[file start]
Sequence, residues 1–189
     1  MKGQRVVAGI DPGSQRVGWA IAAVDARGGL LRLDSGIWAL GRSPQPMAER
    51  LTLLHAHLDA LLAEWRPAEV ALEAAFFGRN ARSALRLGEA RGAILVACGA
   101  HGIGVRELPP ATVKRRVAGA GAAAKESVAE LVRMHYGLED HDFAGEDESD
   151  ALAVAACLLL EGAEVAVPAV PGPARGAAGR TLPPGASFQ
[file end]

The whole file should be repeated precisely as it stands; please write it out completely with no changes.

Sequence, residues 1–189
     1  MKGQRVVAGI DPGSQRVGWA IAAVDARGGL LRLDSGIWAL GRSPQPMAER
    51  LTLLHAHLDA LLAEWRPAEV ALEAAFFGRN ARSALRLGEA RGAILVACGA
   101  HGIGVRELPP ATVKRRVAGA GAAAKESVAE LVRMHYGLED HDFAGEDESD
   151  ALAVAACLLL EGAEVAVPAV PGPARGAAGR TLPPGASFQ